The 2018 Melbourne International Comedy Festival is currently in full flight. For three weeks until April 22, over six hundred local and international acts have converged on the city, determined to extract as many laughs from us as possible.

Originally from New Zealand, Cal Wilson is starring in a new one – woman venture.

To date, her impressive list of credits features television appearances on Good News Week, Have You Been Paying Attention?, Hughesy – We Have a Problem, Rove Live, Show Me the Movie!, SkitHouse, Spicks and Specks, Thank God You’re Here, and The Wedge.

In 2008, She was a contestant on Dancing with The Stars

Wilson also has a solid background in drive time radio. Her gigs include The Akmal Show with Cal Wilson (later called The Wrong Way Home with Akmal, Cal and Ed), Get This, and Mornings.

Along with her own show at this year’s festival, Wilson is making a special appearance with Spontaneous Broadway.

This week I had the good fortune to review two shows with improvisation as their driving force. The above – mentioned Spontaneous Broadway, along with Impromptunes, require cast members to make material made up on the spot, look slick, polished and well – rehearsed.

The best traditional stand – up aims to do the exact opposite. Meaning, scripted content needs to feel loose, and in the moment for each new audience.

Wilson has this difficult skill under total command.

Fun and engaging, her fifty – minute set takes viewers everywhere. Wilson’s personal demon is also her greatest asset. As the self – confessed anxiety sufferer says, ‘My mind is a busy place’.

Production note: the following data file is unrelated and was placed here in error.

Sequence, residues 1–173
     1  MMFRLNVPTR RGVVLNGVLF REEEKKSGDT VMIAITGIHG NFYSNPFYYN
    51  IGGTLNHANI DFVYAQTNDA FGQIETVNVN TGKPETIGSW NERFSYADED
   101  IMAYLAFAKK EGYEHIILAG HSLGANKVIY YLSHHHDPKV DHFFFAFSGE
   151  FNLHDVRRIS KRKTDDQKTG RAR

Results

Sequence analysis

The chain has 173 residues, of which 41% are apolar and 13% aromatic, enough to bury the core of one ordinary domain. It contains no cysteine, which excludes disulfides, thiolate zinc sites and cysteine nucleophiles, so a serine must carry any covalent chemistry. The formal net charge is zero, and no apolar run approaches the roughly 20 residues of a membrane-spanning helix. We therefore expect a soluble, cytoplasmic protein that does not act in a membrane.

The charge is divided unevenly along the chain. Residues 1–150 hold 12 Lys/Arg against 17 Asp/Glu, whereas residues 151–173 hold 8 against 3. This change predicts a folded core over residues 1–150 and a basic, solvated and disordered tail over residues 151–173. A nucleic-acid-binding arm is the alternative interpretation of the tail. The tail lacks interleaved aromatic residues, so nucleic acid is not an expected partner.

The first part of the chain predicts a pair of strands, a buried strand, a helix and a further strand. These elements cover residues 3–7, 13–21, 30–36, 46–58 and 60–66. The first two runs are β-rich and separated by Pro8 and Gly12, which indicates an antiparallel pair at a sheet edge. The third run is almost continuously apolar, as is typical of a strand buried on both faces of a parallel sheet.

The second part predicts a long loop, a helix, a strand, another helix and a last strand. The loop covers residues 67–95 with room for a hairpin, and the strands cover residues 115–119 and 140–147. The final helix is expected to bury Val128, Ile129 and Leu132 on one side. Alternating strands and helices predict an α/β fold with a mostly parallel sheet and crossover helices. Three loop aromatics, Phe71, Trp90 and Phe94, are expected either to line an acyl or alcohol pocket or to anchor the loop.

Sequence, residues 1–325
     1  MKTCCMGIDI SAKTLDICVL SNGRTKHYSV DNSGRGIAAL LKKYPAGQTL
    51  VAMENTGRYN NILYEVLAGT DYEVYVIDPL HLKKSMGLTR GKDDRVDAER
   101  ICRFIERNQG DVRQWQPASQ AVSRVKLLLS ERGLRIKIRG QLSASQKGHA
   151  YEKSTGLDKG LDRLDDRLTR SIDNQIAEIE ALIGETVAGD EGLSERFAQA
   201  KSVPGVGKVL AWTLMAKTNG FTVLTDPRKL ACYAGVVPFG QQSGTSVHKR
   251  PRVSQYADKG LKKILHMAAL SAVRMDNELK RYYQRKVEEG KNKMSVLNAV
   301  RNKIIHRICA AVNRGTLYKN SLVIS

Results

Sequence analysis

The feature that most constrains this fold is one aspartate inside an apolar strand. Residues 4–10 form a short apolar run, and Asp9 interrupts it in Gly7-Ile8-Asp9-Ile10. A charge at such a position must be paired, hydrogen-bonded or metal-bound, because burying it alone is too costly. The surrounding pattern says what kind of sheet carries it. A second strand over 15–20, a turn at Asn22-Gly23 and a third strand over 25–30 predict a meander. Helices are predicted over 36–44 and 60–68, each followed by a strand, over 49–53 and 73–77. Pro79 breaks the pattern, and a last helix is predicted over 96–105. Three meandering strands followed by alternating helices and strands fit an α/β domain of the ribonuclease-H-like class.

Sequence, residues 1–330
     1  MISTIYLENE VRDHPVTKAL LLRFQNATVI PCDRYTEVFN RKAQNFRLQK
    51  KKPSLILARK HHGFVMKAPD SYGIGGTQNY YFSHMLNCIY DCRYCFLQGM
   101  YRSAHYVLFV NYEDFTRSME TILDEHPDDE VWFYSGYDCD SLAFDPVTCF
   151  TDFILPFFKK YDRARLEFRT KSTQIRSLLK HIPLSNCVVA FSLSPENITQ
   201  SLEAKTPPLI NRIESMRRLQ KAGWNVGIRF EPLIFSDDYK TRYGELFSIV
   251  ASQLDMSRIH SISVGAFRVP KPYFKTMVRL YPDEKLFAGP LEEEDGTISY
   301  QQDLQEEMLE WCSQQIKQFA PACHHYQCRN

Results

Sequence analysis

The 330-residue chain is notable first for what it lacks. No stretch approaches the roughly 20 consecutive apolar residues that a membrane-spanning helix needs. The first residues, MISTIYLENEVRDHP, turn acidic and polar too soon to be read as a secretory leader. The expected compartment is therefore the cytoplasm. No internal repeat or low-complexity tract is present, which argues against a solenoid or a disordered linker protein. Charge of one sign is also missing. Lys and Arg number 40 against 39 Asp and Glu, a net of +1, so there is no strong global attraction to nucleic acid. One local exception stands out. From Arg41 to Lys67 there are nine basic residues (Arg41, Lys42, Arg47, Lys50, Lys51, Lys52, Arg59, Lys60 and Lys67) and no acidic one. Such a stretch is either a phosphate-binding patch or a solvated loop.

Wilson covers vast territory in her jam – packed routine.  Topics range from:

  • How this festival is her Christmas;
  • The Adelaide Fringe;
  • Deconstructing Bryan Adams and Billy Joel songs;
  • Thinking too much about the meaning of lyrics;
  • How great the word, ‘slut’, is (even if the connotation isn’t);
  • Word association;
  • Family planning panic;
  • Cosmetics and being allergic to bees;
  • The main difference between Wilson and her husband;
  • How beautiful is a sleeping child;
  • Toddlers who can break land speed records;
  • Losing kids in an elevator;
  • The many uses of pawpaw ointment;
  • Being amazed by her child’s sense of humour;
  • Leaps of logic;
  • Her husband’s ‘teacher’ voice;
  • Guilt tripping; and
  • How odd Wilson thinks she is.

In terms of structure, Wilson’s set is at first glance, made up of random thoughts and observations. On closer inspection, however, each anecdote neatly ties one story to the next. This connective journey is further strengthened, when references early in the show, are later mentioned again for good measure.

Wilson’s routine also includes, in the form of a poll, a brilliant element of audience participation. Here, we got to vote if Wilson’s personal phobias only affect her, or if everyone in attendance felt them as well. The comic’s choices ranged from a fear of snakes and dying alone, to more extreme worries. My personal favourite was, if her luggage may have burst open on delivery at an airport carrousel collection.

Some of her other obsessions are equally hilarious, if not too racy to mention in print.  You’ll have to see the show for yourself to find out.

As a venue, the Victoria Hotel’s Banksia Room provides excellent visual support. Wilson works on a raised platform, and the rear of the space has raked seating as well.

Afterwards, one of the viewers sitting next to me made an interesting observation. She said that when a show plays to a sell – out audience such as this, viewers are given permission to laugh as a group. Thus, heightening the overall experience.

Hindsight should appeal to a wide demographic. Playing for the full duration of the festival until April 22, this is a journey well worth taking.